ACLU Calls Military Treatment Of Accused WikiLeaks Supporter Pfc. Manning Cruel And Unusual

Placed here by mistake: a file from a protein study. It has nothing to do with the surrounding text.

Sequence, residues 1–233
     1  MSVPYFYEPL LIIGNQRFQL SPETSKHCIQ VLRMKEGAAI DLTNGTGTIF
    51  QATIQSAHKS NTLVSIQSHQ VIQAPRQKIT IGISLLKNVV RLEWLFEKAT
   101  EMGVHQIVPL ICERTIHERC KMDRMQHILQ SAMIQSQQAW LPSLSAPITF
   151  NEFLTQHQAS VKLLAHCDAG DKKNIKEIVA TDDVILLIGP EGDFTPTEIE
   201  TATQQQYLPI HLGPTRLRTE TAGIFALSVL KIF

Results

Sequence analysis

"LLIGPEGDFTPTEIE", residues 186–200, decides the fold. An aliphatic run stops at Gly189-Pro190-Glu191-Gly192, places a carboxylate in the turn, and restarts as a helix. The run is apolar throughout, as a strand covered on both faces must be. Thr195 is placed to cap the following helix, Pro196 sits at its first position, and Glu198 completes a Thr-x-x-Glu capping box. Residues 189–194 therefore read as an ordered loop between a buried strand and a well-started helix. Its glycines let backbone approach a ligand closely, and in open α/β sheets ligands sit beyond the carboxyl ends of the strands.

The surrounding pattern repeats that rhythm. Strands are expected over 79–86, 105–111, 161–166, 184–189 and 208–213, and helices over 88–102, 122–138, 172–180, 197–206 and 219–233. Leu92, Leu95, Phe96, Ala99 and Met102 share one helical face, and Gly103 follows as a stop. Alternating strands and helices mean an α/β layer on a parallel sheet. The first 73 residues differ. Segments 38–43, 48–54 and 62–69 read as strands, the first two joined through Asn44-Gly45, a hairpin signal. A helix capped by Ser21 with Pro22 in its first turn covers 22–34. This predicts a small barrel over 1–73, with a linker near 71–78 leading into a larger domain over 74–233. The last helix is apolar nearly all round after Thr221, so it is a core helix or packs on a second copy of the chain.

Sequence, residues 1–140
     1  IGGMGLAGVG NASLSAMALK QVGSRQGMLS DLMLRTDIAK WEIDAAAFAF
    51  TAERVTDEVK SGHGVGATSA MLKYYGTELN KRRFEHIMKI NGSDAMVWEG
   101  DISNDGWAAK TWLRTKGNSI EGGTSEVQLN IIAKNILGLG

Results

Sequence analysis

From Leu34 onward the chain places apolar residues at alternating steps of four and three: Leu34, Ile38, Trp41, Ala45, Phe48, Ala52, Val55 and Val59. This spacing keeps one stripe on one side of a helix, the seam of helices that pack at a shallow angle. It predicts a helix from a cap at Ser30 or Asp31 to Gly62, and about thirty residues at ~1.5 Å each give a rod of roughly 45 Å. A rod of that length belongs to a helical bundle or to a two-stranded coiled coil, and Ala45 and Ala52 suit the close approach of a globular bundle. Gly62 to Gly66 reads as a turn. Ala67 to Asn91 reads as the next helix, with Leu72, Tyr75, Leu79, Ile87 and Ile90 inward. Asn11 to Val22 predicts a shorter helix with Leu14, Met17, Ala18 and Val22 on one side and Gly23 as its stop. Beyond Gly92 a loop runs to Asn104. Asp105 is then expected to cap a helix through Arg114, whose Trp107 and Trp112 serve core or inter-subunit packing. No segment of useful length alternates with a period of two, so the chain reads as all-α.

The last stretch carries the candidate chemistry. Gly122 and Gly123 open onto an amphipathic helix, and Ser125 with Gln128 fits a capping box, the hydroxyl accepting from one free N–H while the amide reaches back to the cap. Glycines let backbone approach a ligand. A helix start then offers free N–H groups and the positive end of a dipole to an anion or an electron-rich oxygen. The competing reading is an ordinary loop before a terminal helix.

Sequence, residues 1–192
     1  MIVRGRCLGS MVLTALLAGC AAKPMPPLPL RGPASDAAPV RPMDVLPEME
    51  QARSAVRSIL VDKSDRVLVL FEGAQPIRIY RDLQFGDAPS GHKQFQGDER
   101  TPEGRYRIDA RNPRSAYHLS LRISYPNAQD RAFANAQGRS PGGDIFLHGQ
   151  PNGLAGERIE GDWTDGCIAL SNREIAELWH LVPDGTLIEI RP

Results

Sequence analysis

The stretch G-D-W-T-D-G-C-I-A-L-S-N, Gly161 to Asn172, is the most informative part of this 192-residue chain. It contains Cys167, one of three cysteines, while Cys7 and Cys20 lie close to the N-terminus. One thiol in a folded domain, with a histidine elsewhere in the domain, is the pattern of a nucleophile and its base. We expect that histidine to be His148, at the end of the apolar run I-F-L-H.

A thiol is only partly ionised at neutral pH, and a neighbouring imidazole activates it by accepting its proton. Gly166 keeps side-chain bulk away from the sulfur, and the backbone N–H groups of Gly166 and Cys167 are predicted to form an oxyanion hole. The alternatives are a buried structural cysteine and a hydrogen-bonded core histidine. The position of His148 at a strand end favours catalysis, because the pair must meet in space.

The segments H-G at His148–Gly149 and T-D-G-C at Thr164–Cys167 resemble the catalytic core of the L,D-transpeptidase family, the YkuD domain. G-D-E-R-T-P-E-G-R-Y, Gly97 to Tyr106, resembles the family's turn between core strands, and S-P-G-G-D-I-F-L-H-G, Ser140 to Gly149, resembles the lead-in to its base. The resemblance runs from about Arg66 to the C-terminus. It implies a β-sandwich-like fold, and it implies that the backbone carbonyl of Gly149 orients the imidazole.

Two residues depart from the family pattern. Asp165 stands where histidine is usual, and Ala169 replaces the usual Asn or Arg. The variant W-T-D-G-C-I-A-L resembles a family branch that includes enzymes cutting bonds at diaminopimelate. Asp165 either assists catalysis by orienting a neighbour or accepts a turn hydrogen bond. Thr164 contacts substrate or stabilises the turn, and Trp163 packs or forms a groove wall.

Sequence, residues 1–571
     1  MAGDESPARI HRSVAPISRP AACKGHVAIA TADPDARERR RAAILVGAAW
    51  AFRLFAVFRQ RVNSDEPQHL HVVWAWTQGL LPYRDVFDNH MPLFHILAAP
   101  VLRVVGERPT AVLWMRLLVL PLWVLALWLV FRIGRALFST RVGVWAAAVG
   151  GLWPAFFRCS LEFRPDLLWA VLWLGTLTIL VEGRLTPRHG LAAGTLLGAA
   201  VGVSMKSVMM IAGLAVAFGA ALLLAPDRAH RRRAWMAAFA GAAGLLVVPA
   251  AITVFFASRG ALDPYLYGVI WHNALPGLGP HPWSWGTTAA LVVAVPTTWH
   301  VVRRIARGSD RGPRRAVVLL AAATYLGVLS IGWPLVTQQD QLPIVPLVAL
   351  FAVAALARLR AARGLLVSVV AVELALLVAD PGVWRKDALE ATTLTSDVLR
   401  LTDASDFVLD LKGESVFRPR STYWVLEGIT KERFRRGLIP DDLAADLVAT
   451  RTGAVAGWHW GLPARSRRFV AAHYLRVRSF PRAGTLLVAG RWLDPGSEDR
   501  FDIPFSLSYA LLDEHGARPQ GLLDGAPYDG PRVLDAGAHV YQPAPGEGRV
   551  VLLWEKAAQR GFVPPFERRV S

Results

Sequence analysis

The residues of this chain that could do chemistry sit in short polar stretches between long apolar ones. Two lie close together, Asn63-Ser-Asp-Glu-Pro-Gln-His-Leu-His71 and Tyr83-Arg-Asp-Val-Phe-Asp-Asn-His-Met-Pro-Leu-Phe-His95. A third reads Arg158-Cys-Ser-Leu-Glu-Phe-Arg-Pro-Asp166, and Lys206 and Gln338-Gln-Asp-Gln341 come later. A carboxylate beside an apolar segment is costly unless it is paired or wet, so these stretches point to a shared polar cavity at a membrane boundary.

Letter To Defense Secretary Robert Gates Says Pentagon Confinement Standards Must Comply With U.S. Constitution FOR IMMEDIATE RELEASE CONTACT: (212) 549-2666; media@aclu.org NEW YORK – In a letter sent today to Defense Secretary Robert Gates, the American Civil Liberties Union charged the “gratuitously harsh treatment” to which the Department of Defense is subjecting Pfc. Bradley Manning in military custody is in clear violation of the U.S. Constitution’s prohibition of cruel and unusual punishment and serves no purpose other than to degrade, humiliate and traumatize him. Manning, imprisoned for the past nine months at Marine Corps Base Quantico in Virginia on charges of handing government files to WikiLeaks, has not been tried or convicted of any crime. He is reportedly being held in solitary confinement, which includes being forced to remain in his cell for 23 hours a day, and is stripped naked at night. “The Supreme Court has long held that the government violates the Eighth Amendment’s ban on cruel and unusual punishment whenever it ‘unnecessarily and wantonly inflicts pain,’ the ACLU’s letter reads. “No legitimate purpose is served by keeping Private Manning stripped naked; in prolonged isolated confinement and utter idleness; subjected to sleep deprivation through repeated physical inspections throughout the night; deprived of any meaningful opportunity to exercise, even in his cell; and stripped of his reading glasses so that he cannot read. Absent any evident justification, such treatment is clearly forbidden by our Constitution.” Following the resignation this week of P.J. Crowley, the former State Department spokesman who called Manning’s treatment “counterproductive and stupid,” President Obama said Pentagon officials had assured him that the conditions of Manning’s confinement are appropriate and meet basic standards. “Given that those standards apparently permit Private Manning to be subjected to plainly unconstitutional conditions, it is clear that the Department of Defense must adapt its standards to meet the demands of the Constitution,” the ACLU’s letter reads. The full text of the letter to Defense Secretary Gates can be found below: March 16, 2011 Secretary of Defense Robert M. Gates United States Department of Defense 1000 Defense Pentagon Washington, DC 20301-1000 Dear Secretary Gates, On behalf of the ACLU and its members, I write to express our grave concern about the inhumane conditions under which PFC Bradley Manning is being confined in the Quantico Base Brig. As a pretrial detainee who has been convicted of no crime, Private Manning may not be subjected to punitive treatment. Based on the reports of Private Manning and his counsel, it is clear the gratuitously harsh treatment to which the Department of Defense is subjecting Private Manning violates fundamental constitutional norms. The Supreme Court has long held that the government violates the Eighth Amendment’s ban on cruel and unusual punishment whenever it “unnecessarily and wantonly inflicts pain.” No legitimate purpose is served by keeping Private Manning stripped naked; in prolonged isolated confinement and utter idleness; subjected to sleep deprivation through repeated physical inspections throughout the night; deprived of any meaningful opportunity to exercise, even in his cell; and stripped of his reading glasses so that he cannot read. Absent any evident justification, such treatment is clearly forbidden by our Constitution. Nor has the Department of Defense any legitimate purpose in requiring Private Manning to stand naked in his observation cell at “parade rest,” with legs spread and genitals displayed, in full view of guards and other officers. The very purpose of such treatment is to degrade, humiliate, and traumatize — a purpose that cannot be squared with what the Supreme Court has described as “the basic concept underlying the Eighth Amendment, which is nothing less than the dignity of man.” President Obama recently stated that Private Manning’s conditions comply with the Pentagon’s “basic standards.” Given that those standards apparently permit Private Manning to be subjected to plainly unconstitutional conditions, it is clear that the Department of Defense must adapt its standards to meet the demands of the Constitution. We ask that you take immediate steps to ensure that Private Manning is treated lawfully and humanely. Sincerely, Anthony D. Romero Executive Director

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